Cleveland Clinic, Imaging Institute and Heart & Vascular Institute, Cleveland, USA
In a study recently published in the NEJM (1), funded by the US National Heart, Lung, and Blood Institute, Weintraub et al. describes comparative effectiveness data of long-term survival after percutaneous coronary intervention (PCI) and coronary-artery bypass grafting (CABG). In collaboration between the American College of Cardiology Foundation (ACCF) and the Society of Thoracic Surgeons (STS), the authors linked the ACCF National Cardiovascular Data Registry and the STS Adult Cardiac Surgery Database to claims data from the Centers for Medicare and Medicaid Services for the years 2004 through 2008. Outcomes were compared with the use of propensity scores and inverse-probability-weighting adjustment to reduce treatment-selection bias.
Among patients 65 years of age or older who had two-vessel or three-vessel coronary artery disease without acute myocardial infarction, 86.244 underwent CABG and 103.549 underwent PCI. The median follow-up period was 2.67 years. At 1 year, there was no significant difference in adjusted mortality between the groups (6.24% in the CABG group as compared with 6.55% in the PCI group; risk ratio, 0.95; 95% confidence interval [CI], 0.90 to 1.00). However, at 4 years, there was lower mortality with CABG than with PCI (16.4% vs. 20.8%; risk ratio, 0.79; 95% CI, 0.76 to 0.82). Similar results were noted in multiple subgroups and with the use of several different analytic methods. Residual confounding was assessed by means of a sensitivity analysis.
The authors conclude that among older patients with multivessel coronary disease that did not require emergency treatment, there was a long-term survival advantage among patients who underwent CABG as compared with patients who underwent PCI.
The accompanying editorial (2) cautions that the validity of these data largely depend on adequate control for confounding factors, which is generally challenging in retrospective data analysis from registry data. Obviously, if known or unknown confounding factors were not assessed or adjusted for, these imbalances could explain the difference in mortality. However, the authors provide a careful analysis to quantify the effect of a hypothetical confounding variable on their findings. The editorial also point out that there has been significant changes in the approach to revascularization, both with modern PCI strategies favoring the use of focal treatment for vessels that are associated with myocardial ischemia (3), and with coronary bypass surgery. (4) Furthermore the indication of revascularization versus optimized medical therapy has changed. (5) [see also: http://www.amepc.org/cdt/post/view/research-highlight-on-initial-coronary-stent-implantation-with-medical-therapy-vs-medical-therapy-alone-for-stable-coronary-artery-disease-meta-analysis-of-randomized-controlled-trials]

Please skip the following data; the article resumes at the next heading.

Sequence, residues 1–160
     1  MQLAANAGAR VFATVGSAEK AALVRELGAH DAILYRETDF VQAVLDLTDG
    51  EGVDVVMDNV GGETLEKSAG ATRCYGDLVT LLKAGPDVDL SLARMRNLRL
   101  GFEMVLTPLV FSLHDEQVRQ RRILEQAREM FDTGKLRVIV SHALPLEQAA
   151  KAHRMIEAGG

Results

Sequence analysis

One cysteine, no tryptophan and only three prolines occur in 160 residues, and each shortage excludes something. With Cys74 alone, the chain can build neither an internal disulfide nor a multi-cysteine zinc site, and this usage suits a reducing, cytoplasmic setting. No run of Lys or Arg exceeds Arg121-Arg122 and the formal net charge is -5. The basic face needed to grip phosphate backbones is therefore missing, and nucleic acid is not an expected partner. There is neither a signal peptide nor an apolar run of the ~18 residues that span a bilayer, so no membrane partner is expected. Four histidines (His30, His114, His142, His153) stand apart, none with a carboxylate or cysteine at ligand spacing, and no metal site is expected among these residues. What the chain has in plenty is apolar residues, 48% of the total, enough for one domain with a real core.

1. Weintraub WS, Grau-Sepulveda MV, Weiss JM, O'Brien SM, Peterson ED, Kolm P, Zhang Z, Klein LW, Shaw RE, McKay C, Ritzenthaler LL, Popma JJ, Messenger JC, Shahian DM, Grover FL, Mayer JE, Shewan CM, Garratt KN, Moussa ID, Dangas GD, Edwards FH. Comparative Effectiveness of Revascularization Strategies. N Engl J Med. 2012 Mar 27. [Epub ahead of print]
2. Mauri L. Why We Still Need Randomized Trials to Compare Effectiveness. N Engl J Med. 2012 Mar 27. [Epub ahead of print]
3. Tonino PA, De Bruyne B, Pijls NH, Siebert U, Ikeno F, van' t Veer M, Klauss V, Manoharan G, Engstrøm T, Oldroyd KG, Ver Lee PN, MacCarthy PA, Fearon WF; FAME Study Investigators.
Fractional flow reserve versus angiography for guiding percutaneous coronary intervention. N Engl J Med. 2009 Jan 15;360(3):213-24.
4. Lamy A, Devereaux PJ, Prabhakaran D, Taggart DP, Hu S, Paolasso E, Straka Z, Piegas LS, Akar AR, Jain AR, Noiseux N, Padmanabhan C, Bahamondes JC, Novick RJ, Vaijyanath P, Reddy S, Tao L, Olavegogeascoechea PA, Airan B, Sulling TA, Whitlock RP, Ou Y, Ng J, Chrolavicius S, Yusuf S; the CORONARY Investigators.
Off-Pump or On-Pump Coronary-Artery Bypass Grafting at 30 Days.
N Engl J Med. 2012 Mar 26. [Epub ahead of print]
5. Boden WE, O'Rourke RA, Teo KK, et al. COURAGE Trial Research Group. Optimal medical therapy with or without PCI for stable coronary disease. N Engl J Med. 2007;356:1503-16.